Good leadership and rewarding staff adequately are key to high-quality care for older and disabled people, according to research published today.
The National Care Forum, the umbrella body for voluntary care providers, and Counsel and Care surveyed 210 members of NCF rated much higher than average by the Care Quality Commission.
The report said respondents had invested in managers, including by making links with local universities to form leadership programmes, and set up bespoke training programmes for staff that went beyond NVQ courses.
Rewarding staff key
Providers also placed a premium on rewarding staff, for instance through long service awards and access to health care plans.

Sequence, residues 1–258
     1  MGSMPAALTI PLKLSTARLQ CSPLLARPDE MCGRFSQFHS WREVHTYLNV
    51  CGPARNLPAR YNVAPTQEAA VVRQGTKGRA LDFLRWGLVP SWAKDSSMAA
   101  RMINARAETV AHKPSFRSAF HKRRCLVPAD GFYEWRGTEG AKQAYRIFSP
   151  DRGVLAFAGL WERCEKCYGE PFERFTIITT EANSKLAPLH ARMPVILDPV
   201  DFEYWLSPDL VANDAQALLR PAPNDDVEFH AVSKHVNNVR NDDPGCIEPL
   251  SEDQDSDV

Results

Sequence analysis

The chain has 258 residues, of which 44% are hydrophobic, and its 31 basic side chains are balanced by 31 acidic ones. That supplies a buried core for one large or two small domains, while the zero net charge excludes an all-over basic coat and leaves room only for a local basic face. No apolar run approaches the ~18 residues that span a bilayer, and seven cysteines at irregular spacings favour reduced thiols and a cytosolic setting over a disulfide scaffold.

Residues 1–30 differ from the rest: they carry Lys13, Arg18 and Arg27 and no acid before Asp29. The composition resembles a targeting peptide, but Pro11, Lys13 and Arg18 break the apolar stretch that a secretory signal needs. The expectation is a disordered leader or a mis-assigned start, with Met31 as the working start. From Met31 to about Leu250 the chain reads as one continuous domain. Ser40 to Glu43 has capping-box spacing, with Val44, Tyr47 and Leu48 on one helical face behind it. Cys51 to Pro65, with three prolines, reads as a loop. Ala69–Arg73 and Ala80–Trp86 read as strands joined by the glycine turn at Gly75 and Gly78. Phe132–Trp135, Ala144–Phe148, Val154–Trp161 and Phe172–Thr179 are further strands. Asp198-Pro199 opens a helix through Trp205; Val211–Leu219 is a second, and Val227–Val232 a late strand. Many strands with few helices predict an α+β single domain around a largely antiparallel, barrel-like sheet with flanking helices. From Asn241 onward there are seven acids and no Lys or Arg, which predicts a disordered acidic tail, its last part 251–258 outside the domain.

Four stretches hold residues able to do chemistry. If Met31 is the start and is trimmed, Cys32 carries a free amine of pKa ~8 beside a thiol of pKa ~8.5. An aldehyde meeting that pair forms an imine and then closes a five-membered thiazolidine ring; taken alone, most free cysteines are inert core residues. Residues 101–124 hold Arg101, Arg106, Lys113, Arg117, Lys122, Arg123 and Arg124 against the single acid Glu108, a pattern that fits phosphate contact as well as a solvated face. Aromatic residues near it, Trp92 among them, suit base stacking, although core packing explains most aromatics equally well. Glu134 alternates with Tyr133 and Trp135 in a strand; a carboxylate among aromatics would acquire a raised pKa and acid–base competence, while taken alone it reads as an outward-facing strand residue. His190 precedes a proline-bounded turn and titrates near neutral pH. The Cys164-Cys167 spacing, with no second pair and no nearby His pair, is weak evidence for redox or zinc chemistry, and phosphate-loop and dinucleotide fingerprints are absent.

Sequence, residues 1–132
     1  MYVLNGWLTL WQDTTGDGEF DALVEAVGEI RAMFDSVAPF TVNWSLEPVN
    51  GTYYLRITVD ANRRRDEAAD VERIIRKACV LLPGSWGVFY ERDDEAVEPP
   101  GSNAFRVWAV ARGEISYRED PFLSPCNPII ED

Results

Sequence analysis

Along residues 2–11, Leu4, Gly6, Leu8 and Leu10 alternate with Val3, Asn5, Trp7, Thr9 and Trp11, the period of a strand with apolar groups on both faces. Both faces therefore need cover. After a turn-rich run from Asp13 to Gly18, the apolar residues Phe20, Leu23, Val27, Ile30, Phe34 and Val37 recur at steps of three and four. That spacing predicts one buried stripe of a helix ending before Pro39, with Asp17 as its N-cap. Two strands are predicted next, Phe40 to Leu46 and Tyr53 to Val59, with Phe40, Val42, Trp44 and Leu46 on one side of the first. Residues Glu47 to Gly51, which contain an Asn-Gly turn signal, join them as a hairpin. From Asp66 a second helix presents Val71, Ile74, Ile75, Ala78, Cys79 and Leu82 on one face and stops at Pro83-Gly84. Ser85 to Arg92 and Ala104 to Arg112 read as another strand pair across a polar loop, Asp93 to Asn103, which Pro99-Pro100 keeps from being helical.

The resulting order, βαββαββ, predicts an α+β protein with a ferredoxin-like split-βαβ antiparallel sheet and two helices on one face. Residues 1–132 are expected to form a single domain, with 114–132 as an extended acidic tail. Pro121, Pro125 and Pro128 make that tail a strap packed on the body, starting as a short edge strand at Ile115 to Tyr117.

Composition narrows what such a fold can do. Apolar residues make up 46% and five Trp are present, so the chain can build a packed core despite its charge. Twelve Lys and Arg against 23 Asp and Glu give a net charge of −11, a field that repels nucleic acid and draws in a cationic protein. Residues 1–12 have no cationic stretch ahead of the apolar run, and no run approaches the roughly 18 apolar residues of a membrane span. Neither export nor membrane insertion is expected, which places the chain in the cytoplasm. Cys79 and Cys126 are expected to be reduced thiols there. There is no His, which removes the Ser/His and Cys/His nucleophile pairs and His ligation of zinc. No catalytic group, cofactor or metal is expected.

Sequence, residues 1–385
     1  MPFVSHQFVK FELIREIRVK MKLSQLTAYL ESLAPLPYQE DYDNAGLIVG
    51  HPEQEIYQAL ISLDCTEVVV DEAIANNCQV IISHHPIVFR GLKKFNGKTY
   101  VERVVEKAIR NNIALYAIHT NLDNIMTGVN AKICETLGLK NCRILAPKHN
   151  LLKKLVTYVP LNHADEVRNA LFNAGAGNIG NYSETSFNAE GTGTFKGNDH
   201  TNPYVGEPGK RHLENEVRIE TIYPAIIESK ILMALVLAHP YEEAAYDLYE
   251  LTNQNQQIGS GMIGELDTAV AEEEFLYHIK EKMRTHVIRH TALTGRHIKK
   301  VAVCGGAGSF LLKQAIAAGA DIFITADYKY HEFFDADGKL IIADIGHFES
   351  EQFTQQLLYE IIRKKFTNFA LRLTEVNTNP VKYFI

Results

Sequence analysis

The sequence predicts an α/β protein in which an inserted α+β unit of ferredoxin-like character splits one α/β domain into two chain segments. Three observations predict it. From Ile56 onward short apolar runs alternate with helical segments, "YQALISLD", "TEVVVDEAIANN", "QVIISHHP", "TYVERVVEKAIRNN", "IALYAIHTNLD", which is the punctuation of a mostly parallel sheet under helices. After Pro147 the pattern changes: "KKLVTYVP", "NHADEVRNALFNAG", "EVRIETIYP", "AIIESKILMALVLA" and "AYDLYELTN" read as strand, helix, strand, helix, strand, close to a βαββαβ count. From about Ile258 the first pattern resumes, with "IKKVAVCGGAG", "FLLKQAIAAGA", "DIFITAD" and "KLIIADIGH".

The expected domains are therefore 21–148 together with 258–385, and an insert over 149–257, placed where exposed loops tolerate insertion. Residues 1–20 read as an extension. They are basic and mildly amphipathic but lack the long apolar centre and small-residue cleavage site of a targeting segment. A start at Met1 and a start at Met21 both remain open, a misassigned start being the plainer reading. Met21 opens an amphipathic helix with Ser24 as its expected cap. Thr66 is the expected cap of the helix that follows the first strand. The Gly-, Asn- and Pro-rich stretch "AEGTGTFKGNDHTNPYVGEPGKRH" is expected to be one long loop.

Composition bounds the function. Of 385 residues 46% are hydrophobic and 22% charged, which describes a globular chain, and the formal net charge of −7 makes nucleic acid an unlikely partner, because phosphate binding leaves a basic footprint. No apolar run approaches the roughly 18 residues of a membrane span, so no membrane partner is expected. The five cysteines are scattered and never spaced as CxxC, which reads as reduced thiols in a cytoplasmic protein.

However, it warned that providers generally felt the fees they received from local authorities were inadequate, amid rising staff and utility costs.
Other determinants of good care included taking account of the views of service users and their families and fostering relationships between residents and staff, including through having high staff to resident ratios in care homes.
Of the 189 care homes surveyed, 94% were rated as ‘excellent’ (three stars) or ‘good’ (two stars), compared with a national average of 67%. Of the 21 home care providers surveyed, 90.5% had two or three stars, compared with a 64% national average.
Promoting good practice in residential care homes